At first glance, the headline doesn’t make a lot of sense. Why would all-cash home sales increase if mortgage rates were hitting new lows for the year?
Not only that, but why would all-cash sales rise when distressed homes sales are down and institutional buying is lower?
Two separate reports came out today with the same basic message, that cash is still king despite the low rates and lack of investor activity.
The National Association of Realtors noted today that all-cash purchases increased to 33% in the first quarter of 2014, up from 31% in 2013 to 29% in 2012.
More than half of all homes purchased in Florida were paid for with cash, while roughly four out of 10 sales in Arizona, Nevada, and West Virginia were all-cash transactions.
At the same time, the distressed home sale share fell to just 15% in the first quarter, down from 17% in 2013 and 26% in 2012.
Over at RealtyTrac, all-cash sales hit a record high of 42.7% of all residential property sales in the first quarter, up from 37.8% in the fourth quarter and 19.1% from a year earlier.
That coincided with a large drop in institutional investor purchases, which fell to the lowest level since the first quarter of 2012.
Such buyers, which are defined as those who purchased at least 10 properties in a calendar year, accounted for just 5.6% of residential sales in Q1, down from 6.8% a quarter earlier and seven percent a year ago.
In large metros, all-cash sales made up more than half of all transactions in Atlanta, Detroit, Las Vegas, Miami, and New York.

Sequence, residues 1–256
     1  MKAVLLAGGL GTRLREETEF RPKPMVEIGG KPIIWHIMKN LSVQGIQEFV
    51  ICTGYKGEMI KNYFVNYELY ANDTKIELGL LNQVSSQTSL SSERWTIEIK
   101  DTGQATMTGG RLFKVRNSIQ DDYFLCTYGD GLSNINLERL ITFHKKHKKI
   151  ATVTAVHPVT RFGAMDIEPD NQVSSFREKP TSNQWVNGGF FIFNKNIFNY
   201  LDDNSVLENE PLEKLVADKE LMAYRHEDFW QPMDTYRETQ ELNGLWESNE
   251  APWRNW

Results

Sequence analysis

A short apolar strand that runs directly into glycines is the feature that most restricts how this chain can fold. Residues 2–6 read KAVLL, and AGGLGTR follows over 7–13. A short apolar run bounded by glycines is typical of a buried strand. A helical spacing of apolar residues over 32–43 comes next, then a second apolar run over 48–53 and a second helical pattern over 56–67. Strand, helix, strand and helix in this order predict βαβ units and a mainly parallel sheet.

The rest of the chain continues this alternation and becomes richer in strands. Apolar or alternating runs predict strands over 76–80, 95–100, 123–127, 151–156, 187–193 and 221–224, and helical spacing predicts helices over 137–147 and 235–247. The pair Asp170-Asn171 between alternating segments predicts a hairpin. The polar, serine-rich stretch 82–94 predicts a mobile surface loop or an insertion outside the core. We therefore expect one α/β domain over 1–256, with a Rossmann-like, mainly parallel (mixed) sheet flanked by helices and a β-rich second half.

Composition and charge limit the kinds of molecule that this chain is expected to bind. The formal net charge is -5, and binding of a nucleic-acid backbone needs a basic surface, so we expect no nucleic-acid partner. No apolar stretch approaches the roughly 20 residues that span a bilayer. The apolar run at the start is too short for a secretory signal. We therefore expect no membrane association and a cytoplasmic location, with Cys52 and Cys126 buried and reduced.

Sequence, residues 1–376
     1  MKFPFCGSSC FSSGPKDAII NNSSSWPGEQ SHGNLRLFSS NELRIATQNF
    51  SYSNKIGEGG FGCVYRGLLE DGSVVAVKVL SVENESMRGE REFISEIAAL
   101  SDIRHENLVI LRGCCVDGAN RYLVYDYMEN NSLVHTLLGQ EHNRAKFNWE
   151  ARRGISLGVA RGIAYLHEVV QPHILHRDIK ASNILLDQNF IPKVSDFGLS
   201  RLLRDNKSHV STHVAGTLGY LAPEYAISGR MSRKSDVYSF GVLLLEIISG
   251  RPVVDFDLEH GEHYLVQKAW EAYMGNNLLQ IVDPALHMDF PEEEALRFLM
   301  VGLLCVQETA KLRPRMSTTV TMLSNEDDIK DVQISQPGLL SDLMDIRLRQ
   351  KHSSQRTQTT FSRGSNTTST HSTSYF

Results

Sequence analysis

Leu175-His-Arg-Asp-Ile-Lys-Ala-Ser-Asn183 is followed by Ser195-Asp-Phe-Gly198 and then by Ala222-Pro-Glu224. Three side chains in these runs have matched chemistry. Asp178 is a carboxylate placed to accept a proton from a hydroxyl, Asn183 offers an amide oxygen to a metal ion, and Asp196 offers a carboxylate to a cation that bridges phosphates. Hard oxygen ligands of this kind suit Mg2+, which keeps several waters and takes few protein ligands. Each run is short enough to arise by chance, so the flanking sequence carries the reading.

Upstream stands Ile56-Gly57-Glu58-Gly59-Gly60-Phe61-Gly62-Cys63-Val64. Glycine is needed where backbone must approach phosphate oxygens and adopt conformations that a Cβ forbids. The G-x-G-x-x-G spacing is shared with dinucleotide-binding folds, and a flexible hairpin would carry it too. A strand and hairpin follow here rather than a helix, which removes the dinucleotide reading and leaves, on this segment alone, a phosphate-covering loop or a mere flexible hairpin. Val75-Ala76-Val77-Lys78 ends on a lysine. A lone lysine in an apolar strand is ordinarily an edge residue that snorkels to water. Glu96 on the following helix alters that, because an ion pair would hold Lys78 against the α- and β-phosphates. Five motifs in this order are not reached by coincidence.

The highest percentage of all-cash sales in cities with a population of at least 500,000 were all in Florida:
- Cape Coral-Fort Myers (73.6%)
- Miami (67.1%)
- Sarasota (65.1%)
- Palm Bay (64.1%)
- Lakeland (61.8%)
Additionally, 15% of all-cash purchases in the first quarter were in the foreclosure process, while 10% were bank-owned properties.
Interestingly, these numbers were released on the same day rates on the 30-year fixed-rate mortgage hit 4.21%, which is the lowest point it has been all year. And not really that far off from record lows seen in late 2012.
Why Are There So Many Cash Buyers If Rates Are Still Very Low?
For one, inventory is still tight, so paying with cash is the best way to get your offer accepted, even if you can qualify for a mortgage. Think bidding war.
But NAR also noted that mortgage lending standards remain too restrictive, though they always say that, and would say that even if you could get a mortgage with no money down with just your credit report.
They also pointed to cash sales coming from aging baby boomers, who are trading down or using retirement cash and/or years of home equity to get the job done.
Then there are foreign investors, who tend to use cash, and a recent trend of pulling money from the stock market (now near record highs) to put into real estate. Simply put, it has become an attractive investment again.
RealtyTrac attributed the trend to strict lending standards as well, coupled with low inventory, which gives cash buyers the upper hand when making an offer.
They looked at the brighter side of things, highlighting the fact that individual investors, second-home buyers, and owner-occupants have quickly filled the void left by institutional investors.
Because of that, home prices have continued to appreciate fairly rapidly, though at a slower pace than a year ago.
However, it is somewhat unfortunate that most home buyers can’t even take advantage of the low mortgage rates because they can’t get an offer accepted when competing with a cash buyer. Go figure.